AFC East: Andrew Levitre
The mathemagicians at WhatIfSports.com have ranked the top 100 rookies in terms of projected impact on their new teams.
Because I avoided math like the swine flu and delayed taking my one required collegiate course until the winter quarter of my senior year, I better let Paul Bessire of WhatIfSports.com explain how it works:
We run a very complex set of algorithms that factors collegiate performance, role in college, strength of collegiate competition, "measurables," likely NFL role, previous performance of a similar player in that NFL role for this coaching staff and trends of similar rookies in the past. This gives us the player's projected ratio stats (expected yards per carry, completion percentage, etc.), as well as his forecasted usage for the upcoming season. From there, we can compare all rookies based on who we think will make the biggest positive impact for his new NFL team in his first year.
In other words, they do a little more than break out a slide rule, some graph paper and a solar-powered calculator.
We have done pretty well with this approach. Leading into the 2008 season, not only did this methodology correctly rank first round draft choices like Jonathan Stewart, Jerod Mayo, Jake Long and Sedrick Ellis among the top ten, it helped to point out some steals like Steve Slaton, Charles Godfrey, Matt Forte, Trevor Scott, Jamaal Charles and Cliff Avril.
The Buffalo Bills and Detroit Lions generated the most positive projected rookie impact for 2009. The New York Jets, with only three picks, have the least depth, but posted the highest-ranked player within the AFC East.
AFC East highlights from the rankings:
- 3. Mark Sanchez, Jets quarterback
- 27. Eric Wood, Bills offensive lineman
- 35. Jairus Byrd, Bills defensive back
- 36. Sean Smith, Dolphins defensive back
- 50. Darius Butler, Patriots cornerback
- 58. Vontae Davis, Dolphins cornerback
- 67. Andrew Levitre, Bills guard
- 73. Aaron Maybin, Bills defensive end
- 75. Myron Pryor, Patriots defensive tackle
- 79. Pat White, Dolphins quarterback
- 87. Shawn Nelson, Bills tight end
- 93. Patrick Chung, Patriots safety
|Rich Kane/US Presswire|
|If Penn State defensive end Aaron Maybin slips to No. 11 in the draft, you could see Buffalo taking advantage.|
Team needs: Offensive line, pass rusher, tight end.
Dream scenario: Buffalo's situation is fluid. Positional needs today might not match their wish list when the front office gathers in Orchard Park, N.Y., for the draft on April 25.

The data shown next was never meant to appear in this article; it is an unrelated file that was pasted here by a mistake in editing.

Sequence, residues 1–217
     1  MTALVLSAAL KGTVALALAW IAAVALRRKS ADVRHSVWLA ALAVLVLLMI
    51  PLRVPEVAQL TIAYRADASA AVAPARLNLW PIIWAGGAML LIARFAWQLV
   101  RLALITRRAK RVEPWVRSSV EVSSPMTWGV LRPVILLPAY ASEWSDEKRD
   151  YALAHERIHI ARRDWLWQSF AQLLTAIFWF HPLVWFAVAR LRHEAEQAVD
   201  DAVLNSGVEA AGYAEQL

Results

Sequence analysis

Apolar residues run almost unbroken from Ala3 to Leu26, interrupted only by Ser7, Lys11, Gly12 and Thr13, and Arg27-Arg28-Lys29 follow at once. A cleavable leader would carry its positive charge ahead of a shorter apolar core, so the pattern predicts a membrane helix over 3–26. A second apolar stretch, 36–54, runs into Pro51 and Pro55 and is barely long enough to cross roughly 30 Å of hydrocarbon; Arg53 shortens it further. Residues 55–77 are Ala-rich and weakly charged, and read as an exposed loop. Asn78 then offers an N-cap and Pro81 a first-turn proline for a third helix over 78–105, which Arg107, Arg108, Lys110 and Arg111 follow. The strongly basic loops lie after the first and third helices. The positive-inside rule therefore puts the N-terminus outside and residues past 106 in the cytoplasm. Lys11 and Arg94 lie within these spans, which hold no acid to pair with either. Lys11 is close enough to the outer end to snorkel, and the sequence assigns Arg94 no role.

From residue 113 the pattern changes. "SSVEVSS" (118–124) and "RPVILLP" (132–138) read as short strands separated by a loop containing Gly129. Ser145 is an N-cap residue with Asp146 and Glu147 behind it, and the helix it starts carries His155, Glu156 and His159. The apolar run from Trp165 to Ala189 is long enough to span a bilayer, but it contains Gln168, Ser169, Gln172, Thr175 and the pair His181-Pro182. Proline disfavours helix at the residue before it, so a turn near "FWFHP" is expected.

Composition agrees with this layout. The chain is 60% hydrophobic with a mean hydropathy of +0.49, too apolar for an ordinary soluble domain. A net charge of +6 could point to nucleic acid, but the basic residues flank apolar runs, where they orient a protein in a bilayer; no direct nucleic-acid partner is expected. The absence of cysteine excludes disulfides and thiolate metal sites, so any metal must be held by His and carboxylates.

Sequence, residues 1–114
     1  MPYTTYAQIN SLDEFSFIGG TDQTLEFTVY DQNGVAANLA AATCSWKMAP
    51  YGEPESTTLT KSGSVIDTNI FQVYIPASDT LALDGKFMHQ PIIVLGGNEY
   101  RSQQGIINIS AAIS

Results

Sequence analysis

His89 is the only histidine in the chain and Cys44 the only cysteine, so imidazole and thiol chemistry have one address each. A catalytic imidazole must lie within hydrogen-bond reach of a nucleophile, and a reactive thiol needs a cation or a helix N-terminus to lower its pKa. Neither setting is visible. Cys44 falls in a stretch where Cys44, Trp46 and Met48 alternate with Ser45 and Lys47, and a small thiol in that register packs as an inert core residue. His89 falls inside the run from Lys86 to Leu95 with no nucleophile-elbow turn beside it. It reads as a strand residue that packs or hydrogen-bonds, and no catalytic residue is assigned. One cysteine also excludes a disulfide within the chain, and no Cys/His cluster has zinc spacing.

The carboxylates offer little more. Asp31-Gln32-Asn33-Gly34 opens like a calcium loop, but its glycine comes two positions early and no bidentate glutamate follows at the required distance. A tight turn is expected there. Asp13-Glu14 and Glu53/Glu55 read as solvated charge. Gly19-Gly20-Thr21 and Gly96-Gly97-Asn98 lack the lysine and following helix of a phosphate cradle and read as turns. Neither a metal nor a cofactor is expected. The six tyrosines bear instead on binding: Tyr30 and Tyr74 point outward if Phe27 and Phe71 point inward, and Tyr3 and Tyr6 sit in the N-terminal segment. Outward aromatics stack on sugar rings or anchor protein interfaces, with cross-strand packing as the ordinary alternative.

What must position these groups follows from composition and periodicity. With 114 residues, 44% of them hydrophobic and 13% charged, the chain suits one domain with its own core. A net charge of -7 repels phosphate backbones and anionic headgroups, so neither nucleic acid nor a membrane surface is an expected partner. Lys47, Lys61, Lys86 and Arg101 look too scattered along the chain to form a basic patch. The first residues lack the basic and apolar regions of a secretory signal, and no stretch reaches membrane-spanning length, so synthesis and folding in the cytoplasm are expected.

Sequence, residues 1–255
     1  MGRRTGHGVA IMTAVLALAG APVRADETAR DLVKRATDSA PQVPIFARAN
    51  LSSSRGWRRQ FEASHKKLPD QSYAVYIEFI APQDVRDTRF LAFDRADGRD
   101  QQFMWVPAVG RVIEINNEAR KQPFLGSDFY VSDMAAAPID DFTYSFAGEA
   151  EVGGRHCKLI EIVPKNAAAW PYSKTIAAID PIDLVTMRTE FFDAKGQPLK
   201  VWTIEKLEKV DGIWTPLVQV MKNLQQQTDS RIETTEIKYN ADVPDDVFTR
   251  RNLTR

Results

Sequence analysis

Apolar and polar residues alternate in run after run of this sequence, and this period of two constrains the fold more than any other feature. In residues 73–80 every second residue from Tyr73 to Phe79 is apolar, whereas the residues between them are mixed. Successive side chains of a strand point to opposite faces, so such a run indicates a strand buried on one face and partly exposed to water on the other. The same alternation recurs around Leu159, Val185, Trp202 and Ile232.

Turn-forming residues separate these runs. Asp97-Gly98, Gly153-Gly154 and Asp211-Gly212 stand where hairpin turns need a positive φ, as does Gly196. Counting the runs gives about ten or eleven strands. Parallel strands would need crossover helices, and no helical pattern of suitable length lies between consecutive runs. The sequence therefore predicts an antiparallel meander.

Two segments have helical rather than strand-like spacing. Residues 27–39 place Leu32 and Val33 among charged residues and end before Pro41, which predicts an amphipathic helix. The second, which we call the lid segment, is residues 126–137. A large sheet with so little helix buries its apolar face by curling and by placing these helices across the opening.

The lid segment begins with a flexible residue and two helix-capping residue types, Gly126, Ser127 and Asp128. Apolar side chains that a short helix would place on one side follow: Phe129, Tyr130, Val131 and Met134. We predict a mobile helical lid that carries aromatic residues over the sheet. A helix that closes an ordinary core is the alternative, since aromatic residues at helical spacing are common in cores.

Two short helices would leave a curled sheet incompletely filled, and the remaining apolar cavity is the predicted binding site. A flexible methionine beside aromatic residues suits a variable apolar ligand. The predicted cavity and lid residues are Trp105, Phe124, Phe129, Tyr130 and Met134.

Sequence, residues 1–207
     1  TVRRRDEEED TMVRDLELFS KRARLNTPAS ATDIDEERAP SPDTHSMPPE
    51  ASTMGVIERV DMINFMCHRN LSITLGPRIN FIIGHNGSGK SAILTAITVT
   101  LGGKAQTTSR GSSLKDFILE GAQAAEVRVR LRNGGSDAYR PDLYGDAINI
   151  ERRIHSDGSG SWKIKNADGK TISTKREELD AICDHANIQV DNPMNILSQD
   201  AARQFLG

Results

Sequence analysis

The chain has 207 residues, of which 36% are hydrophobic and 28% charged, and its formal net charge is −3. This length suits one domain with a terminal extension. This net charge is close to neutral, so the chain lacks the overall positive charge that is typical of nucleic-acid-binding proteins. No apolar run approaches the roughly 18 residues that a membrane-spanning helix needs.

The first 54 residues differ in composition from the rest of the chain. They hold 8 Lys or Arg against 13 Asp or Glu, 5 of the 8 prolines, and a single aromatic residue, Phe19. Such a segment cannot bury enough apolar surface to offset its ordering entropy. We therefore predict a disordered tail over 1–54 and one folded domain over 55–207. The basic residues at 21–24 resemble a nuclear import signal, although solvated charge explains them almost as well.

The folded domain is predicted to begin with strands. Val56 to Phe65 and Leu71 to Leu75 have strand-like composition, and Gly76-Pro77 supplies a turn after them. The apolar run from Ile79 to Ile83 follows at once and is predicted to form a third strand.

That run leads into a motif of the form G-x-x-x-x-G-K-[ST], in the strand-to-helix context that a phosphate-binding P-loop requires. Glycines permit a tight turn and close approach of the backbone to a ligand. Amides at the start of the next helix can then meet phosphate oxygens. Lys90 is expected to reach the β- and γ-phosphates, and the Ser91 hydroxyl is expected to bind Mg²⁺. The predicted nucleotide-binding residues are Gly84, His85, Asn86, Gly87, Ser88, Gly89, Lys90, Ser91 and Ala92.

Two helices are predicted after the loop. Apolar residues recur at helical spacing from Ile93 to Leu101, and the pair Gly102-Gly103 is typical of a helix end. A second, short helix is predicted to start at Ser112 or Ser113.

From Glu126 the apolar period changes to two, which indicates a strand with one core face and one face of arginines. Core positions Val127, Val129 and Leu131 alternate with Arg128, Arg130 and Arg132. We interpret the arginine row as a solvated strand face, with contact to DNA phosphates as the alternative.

The Bills have holes on their interior line, at tight end and with their pass rush. They cut high-priced left guard Derrick Dockery and tight end Robert Royal early in free agency, but didn't replace them.
The Bills' biggest weakness on their 4-3 defense was their inability to pressure quarterbacks, especially when Pro Bowl defensive end Aaron Schobel went down with a foot injury. There was no help. They registered a paltry 24 sacks.
But the Bills have a brewing situation at left tackle. Jason Peters, a two-time Pro Bowler, held out of all offseason workouts, training camp and preseason games last year because he wants a new contract. He's expected to do so again, with the sides far apart in negotiations. The Bills might be forced to trade him, meaning they could need to fill the second-most important position in football at the draft.
For the second straight year, the Bills own the 11th overall pick. Unless they make a trade, they'll have to wait until the 42nd slot to select again and then 75th. The New England Patriots, meanwhile, will have drafted six times when the Bills have drafted thrice.
But the Bills will conduct a successful draft if they can come away with a pass rusher and a couple of starting offensive linemen. Penn State defensive end Aaron Maybin could slip to No. 11, but if he's not there, then Florida State defensive end Everette Brown should be there for the taking.
The Bills should have opportunity to draft a top-three center at No. 42 and move versatile free-agent signee Geoff Hangartner to left guard. California's Alex Mack and/or Oregon's Max Unger probably will be off the board, but the other could be available and too tough to pass up. Louisville's Eric Wood also projects as a second-round talent.
The Bills also have a chance to snag the best guard in the draft. None are expected to be taken in first round. The best of the bunch include Oregon State's Andrew Levitre and Oklahoma's Duke Robinson.
Plan B: Oklahoma State tight end Brandon Pettigrew is the best player at his position in this year's draft class. He's a strong run blocker, has prototypical size at 6-foot-5 and 263 pounds and has soft hands.
Consensus among scouts, though, is that Pettigrew is not worth the 11th pick. If the Bills want him, they have a valuable asset they can dangle to a team in need of a quarterback, especially if Southern California's Mark Sanchez still is on the board. The Bills can move back a smidge, select Pettigrew and gain a later pick or two.
Scouts Inc. take: "The defensive end need has been put on the back burner by some people, but I think it's huge. This defense is one prominent pass rusher away from being a pretty strong group. I think they'll move that direction on draft day. A guy like Everette Brown will be hard to pass up." -- Matt Williamson, Scouts Inc.
Who has final say: Owner Ralph Wilson signs off after input from chief operating officer Russ Brandon, top college scout Tom Modrak and head coach Dick Jauron.
Now On the Clock: San Francisco 49ers, April 7.